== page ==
As some White House aides privately excoriated scandal-racked John Kelly last weekend, a Republican senator put the question directly to Donald Trump during a phone call: Is he standing behind his embattled chief of staff?
“100 percent,” the president replied, according to the senator, who relayed the exchange on condition of anonymity. The senator, a fan of Kelly’s, had called Trump in part to get clarity on the chief of staff’s future.
As the crisis over the White House’s handling of domestic abuse allegations against former Trump aide Rob Porter dragged into a ninth day, Kelly’s standing has cratered among White House staff. The crisis has been fueled by media coverage indicating Kelly misled colleagues and reporters about what he knew about Porter — and when he moved to fire him.
But the backbiting within the West Wing has alarmed Republican lawmakers, interviews with more than a half-dozen of them on Wednesday showed. They see Kelly as one of the few stabilizing forces of a White House in constant disarray, and are loathe to lose him.
Sen. Joni Ernst (R-Iowa) went on TV on Tuesday to urge the White House to take a stronger line against domestic abuse allegations. But she said in an interview that her remarks weren’t aimed at Kelly and urged him to fight for his job.
“He is a pretty extraordinary person. But obviously there were some things that were overlooked that should not be” about Porter, said Ernst, who wants stricter scrutiny of security clearances within the White House. She added that the embattled chief of staff “has brought some semblance of order into the White House.”
Asked whether he had confidence in Kelly, Sen. Roy Blunt (R-Mo.) replied: “Yes. And I don’t know that there’s an alternative.”
But there are plenty of people in the White House looking for one. Late last week, aides felt misled by Kelly’s account of Porter’s resignation as staff secretary, after he told White House staffers he moved to fire Porter 40 minutes after he was fully briefed on the allegations. But some also said they felt he was tacitly asking them to mislead others regarding the timeline of Porter’s ouster.
In the communications shop, there is a broad sense of frustration that staffers tasked with setting the story straight in the news media still haven’t been given a complete and transparent accounting of events.
Initially, Kelly and other White House officials stood behind Porter after he was accused of domestic violence. A day later, Kelly said he was “shocked” by the allegations, though one official said that Kelly was aware of a protective order against him from his first wife.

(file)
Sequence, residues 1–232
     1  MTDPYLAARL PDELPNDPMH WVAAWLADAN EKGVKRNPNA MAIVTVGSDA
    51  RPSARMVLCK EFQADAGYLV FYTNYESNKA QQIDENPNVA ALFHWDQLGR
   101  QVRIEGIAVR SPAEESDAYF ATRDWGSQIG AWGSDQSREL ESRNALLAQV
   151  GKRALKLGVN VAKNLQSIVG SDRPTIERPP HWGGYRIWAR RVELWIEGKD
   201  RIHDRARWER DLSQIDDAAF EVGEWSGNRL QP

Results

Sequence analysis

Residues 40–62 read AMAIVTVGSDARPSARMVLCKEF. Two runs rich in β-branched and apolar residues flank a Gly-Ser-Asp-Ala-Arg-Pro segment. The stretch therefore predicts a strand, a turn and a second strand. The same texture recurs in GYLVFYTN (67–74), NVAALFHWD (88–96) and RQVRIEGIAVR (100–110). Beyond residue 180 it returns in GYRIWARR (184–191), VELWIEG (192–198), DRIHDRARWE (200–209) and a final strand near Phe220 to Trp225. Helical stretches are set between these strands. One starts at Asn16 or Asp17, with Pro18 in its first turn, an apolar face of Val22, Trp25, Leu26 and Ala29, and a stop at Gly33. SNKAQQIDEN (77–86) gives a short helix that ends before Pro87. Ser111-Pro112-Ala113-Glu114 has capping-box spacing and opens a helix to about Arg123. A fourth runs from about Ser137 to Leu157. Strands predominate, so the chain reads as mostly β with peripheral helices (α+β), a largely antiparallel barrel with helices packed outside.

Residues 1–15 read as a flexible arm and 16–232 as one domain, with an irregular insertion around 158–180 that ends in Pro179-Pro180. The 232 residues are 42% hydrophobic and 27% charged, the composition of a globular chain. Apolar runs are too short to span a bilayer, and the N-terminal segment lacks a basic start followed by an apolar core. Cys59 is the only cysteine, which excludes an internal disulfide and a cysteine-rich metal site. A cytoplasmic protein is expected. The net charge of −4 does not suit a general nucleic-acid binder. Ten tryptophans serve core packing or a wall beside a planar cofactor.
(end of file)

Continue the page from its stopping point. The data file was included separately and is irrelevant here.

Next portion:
One senior White House aide rattled off a series of questions he felt his superiors, including Kelly, still had not answered to his satisfaction. Ironically, it’s a concern shared far more broadly by Capitol Hill Democrats than Republicans.
“The fact pattern does not match with the word competence,” said Sen. Martin Heinrich (D-N.M.) of Kelly. “If this proves to be the picture we think it is? He’s gotta go.”
“They’ve got a big mess over there,” said Sen. Chris Murphy (D-Conn.), who declined to call for Kelly to resign or be fired.
Kelly himself has always kept a tight circle inside the White House, and though the building began to function better after he arrived last July, morale among West Wing aides did not appreciably improve. Republican allies on the Hill, however, have appreciated Kelly’s attempts to restrict access to the president and impose order amid the chaos.
“I’d certainly like to see him stay in the White House,” said Sen. Ron Johnson (R-Wis.). “He’s just a man of integrity and he’s doing a great job.”
Rep. Tom Rooney (R-Fla.), who’s known Kelly for years, said he stopped watching the news because he feels the coverage is “overkill” and unfair to the chief.
“I don’t want to see Gen. Kelly go,” Rooney said. “You’re talking about one of the greatest men I have met in my entire life.”
Since the departure of his principal deputy, Kirstjen Nielsen, for the Department of Homeland Security in early December, Kelly has relied chiefly on Zach Fuentes, his onetime military aide, to serve as counselor and gatekeeper. But otherwise — within the White House — he is largely alone.
Kelly has clearly alienated some of those who used to enjoy a lot more facetime with the president, including former campaign aides like Corey Lewandowski as well as longtime friends and family.
“There a lot of people whose access and influence have diminished. And they don’t like him,” said the GOP senator who spoke to Trump over the weekend.
Casting a pall over the whole series of events is an overriding sense of despair that has White House staffers feeling uncomfortable not only that somebody with Porter’s background had been working in their midst, but that his dismissal has been handled without much integrity.
“They got rid of him because they got caught,” said a senior White House aide.
But Kelly is seen by many congressional Republicans as a steady hand in an administration filled with less experienced officials than previous White House staffs. So even with the daily drip of stories about his handling of Porter, congressional Republicans say Kelly should stay.
“They’ve made a two-day news story into a week-and-a-half news story,” said Rep. Mike Simpson (R-Idaho). “Sometimes you screw up. We all screw up! And sometimes you’ve got to say, ‘Hey, yeah, we could have done this better.’”
Rachael Bade contributed to this report.
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